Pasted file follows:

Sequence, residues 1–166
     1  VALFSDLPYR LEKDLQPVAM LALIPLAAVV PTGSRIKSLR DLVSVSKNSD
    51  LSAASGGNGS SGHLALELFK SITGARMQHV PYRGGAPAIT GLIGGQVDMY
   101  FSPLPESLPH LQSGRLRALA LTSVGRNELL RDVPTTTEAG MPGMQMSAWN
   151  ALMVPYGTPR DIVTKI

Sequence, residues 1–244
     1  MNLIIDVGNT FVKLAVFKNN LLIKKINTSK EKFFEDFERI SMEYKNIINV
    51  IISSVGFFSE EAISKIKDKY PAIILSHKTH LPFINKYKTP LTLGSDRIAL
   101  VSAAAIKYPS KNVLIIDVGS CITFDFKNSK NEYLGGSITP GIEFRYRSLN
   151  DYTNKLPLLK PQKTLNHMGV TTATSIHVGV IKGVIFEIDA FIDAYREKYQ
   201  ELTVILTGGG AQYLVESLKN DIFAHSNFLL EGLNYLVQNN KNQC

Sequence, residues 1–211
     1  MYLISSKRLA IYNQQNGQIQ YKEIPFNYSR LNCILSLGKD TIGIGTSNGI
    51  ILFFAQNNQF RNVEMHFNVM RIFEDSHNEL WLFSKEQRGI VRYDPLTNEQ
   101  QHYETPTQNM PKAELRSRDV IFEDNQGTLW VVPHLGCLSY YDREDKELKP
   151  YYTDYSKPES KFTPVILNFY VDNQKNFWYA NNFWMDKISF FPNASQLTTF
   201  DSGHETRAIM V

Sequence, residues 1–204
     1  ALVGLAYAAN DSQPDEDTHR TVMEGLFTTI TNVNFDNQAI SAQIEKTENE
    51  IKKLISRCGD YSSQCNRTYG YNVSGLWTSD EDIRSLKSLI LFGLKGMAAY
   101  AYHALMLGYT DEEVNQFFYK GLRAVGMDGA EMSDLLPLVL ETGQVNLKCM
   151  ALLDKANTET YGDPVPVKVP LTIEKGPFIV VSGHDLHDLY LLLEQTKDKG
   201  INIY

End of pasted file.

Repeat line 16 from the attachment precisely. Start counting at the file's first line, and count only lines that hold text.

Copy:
   151  YYTDYSKPES KFTPVILNFY VDNQKNFWYA NNFWMDKISF FPNASQLTTF